What is the time frame for a flexible manufacturing strategy?
We said we were not going to do a wholesale tear-up. We never intended to shut down a bunch of locations and change everything.
(It will be) as we go model year to model year. It has been growing. Belvidere is phase one. St. Louis South will get basically the same level of flexibility.
How many models will you build in a flexible assembly plant such as St. Louis South?
Our standard rollout is three-plus-one (three platforms plus one pilot model). We've also looked at four-plus-one (four platforms plus one pilot model). St. Louis will be in that three- or four-plus-one range.
Three models or three platforms?
It can do at least three platforms. The models proliferate from there.
Do they have to be three car platforms or three body-on-frame truck platforms?
St. Louis South will run unibody only.
In your flexibility strategy, will the plants be one or the other?
We can mix body-on-frame and unibody. The question is, is there a need? We're not going to put in flexibility for flexibility's sake. There is no benefit to converting everything to run nine models - (as) some of our competition has said - if you are not going to use it.
We have taken a prudent direction that says we can run three platforms, plus one. That is all we need to set it up for right now.
What is the timing to do three platforms?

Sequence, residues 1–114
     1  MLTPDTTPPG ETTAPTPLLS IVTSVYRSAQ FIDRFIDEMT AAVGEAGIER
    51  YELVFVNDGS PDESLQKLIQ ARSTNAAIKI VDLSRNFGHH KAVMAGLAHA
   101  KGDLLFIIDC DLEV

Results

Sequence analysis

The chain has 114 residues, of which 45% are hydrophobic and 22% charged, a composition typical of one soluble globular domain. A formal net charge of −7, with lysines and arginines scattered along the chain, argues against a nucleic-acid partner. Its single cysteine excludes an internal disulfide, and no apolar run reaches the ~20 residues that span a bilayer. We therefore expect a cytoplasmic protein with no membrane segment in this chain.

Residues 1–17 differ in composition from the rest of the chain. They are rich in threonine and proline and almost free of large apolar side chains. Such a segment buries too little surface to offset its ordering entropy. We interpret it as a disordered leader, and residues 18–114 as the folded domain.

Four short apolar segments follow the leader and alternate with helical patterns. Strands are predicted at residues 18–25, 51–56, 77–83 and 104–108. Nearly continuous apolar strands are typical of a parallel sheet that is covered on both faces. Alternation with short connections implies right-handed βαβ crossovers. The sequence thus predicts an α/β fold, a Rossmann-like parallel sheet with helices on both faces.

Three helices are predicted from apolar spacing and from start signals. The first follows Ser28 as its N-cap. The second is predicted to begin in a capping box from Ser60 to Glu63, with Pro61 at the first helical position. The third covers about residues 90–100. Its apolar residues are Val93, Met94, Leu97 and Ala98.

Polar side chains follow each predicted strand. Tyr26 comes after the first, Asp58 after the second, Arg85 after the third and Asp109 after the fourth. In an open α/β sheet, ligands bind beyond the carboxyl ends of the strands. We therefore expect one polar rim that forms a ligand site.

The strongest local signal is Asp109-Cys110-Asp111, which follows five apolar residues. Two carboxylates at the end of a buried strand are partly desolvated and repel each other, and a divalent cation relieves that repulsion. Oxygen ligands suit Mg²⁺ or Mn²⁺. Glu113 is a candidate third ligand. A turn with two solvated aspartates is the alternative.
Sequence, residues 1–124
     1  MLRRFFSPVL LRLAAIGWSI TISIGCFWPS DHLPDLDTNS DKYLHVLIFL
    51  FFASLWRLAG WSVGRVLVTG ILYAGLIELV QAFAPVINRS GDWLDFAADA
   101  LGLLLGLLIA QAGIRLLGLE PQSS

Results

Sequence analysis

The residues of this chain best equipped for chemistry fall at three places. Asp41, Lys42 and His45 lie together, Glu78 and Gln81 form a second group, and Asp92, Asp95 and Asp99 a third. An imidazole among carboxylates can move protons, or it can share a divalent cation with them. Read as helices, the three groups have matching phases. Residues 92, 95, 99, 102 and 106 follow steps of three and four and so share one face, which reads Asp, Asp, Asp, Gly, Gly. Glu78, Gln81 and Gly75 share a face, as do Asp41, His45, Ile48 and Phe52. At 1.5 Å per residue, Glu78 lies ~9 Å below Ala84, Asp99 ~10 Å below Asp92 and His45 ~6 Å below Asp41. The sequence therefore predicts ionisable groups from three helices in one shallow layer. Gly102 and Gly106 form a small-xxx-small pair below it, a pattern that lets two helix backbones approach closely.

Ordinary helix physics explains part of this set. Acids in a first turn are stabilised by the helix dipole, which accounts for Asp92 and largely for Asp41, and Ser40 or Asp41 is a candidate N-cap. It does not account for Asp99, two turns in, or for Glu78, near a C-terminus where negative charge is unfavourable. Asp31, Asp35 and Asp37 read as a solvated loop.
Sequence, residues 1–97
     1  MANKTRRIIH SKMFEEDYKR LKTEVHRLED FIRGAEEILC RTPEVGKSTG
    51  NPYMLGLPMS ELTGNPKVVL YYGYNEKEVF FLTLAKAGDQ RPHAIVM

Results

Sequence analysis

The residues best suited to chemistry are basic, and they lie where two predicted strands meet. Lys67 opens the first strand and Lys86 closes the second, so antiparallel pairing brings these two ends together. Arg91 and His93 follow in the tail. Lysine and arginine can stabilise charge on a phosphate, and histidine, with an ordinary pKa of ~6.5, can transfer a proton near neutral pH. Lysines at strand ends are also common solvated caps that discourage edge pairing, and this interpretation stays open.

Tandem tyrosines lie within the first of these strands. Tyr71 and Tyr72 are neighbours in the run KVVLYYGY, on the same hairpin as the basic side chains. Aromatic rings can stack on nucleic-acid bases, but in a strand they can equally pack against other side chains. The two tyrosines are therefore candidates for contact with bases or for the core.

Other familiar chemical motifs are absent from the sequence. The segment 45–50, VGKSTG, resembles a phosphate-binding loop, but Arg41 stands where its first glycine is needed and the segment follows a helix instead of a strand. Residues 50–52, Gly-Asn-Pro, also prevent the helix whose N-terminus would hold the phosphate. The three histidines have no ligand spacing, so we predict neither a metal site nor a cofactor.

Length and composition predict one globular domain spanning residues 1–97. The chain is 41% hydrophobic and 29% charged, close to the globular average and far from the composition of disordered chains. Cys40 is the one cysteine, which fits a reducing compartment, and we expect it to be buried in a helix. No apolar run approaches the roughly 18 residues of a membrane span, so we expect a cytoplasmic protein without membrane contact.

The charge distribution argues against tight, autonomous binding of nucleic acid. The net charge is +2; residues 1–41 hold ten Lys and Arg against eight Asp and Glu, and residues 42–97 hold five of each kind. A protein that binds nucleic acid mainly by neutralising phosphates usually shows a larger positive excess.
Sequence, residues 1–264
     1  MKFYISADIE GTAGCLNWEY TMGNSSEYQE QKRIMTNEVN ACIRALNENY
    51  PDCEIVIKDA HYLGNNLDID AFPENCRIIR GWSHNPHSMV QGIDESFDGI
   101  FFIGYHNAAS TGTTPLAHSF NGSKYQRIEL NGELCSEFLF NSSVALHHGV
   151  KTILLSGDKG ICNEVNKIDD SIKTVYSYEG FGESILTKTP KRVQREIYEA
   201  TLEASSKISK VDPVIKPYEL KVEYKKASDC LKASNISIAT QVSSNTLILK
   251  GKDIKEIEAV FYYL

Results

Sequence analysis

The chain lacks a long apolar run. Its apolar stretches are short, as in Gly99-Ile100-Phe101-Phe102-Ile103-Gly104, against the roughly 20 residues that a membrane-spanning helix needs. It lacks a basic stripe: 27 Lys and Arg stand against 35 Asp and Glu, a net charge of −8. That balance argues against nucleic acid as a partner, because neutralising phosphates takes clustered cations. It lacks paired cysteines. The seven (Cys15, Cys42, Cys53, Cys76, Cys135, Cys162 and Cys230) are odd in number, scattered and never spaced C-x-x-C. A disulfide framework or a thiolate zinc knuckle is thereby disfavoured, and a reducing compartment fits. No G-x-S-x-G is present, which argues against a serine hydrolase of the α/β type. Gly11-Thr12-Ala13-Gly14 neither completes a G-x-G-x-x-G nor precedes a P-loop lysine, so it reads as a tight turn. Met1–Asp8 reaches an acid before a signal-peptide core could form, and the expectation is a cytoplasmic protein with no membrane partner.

There isn't a master timing chart that says by 2011 you must be able to do this. We've said as the product portfolio rolls out, we will move through the system. We are treating flexibility more like a tool in a toolbox than we are treating it as a mandate.
What is your capacity utilization in 2005, and what do you expect it to be in 2006?
I am not going to tell you.
In how many assembly plants will you run three shifts?
It depends on market demand.
When will you decide on three shifts at Belvidere assembly?
Sometime during the coming calendar year, depending on the market.
When will you decide on three shifts in Toledo, Ohio?
Depending on market, sometime in the coming calendar year or shortly thereafter. You are not going to three shifts if you don't have demand.
Brampton (Ontario) and Dodge City (in Sterling Heights, Mich.) run back-to-back eight hours, which a lot of people said would never work. Back-to-back eights is almost unheard of in an assembly plant. It runs, and it works.
We don't want to add more assets. We want to optimize all of our assets and get the highest level of utilization we can.
Will three shifts at existing plants satisfy your capacity needs for the foreseeable future?
You haven't had quality problems doing three shifts of eight hours each?
No, we haven't. Both at Brampton and at Dodge City we have seen improvements when we went to back-to-back eights. Tom (LaSorda, Chrysler group CEO) brought the idea forward. I will be honest with you. When he first suggested it, it was like, "You've got to be kidding me." In fact, it was a seamless transition. It has worked well.
Is the Global Engine Manufacturing Alliance plant in Dundee, Mich., which will supply four-cylinder engines, on schedule?
It is on schedule. Right now we are just launching it.
Is Chrysler's bogey still to match Toyota vehicle quality by 2007?
The bogey is to be one of the best in the industry by 2007.
What is the biggest hurdle?
In our organization, the biggest challenge is to get the entire organization to understand how important it is to empower people, to be able to listen to them, to have them actively engaged in the day-to-day business at every level.
What is the impediment to that?
It is just cultural. This industry has spent years telling people to check their brains at the door. We can't have that happen. It is a huge change.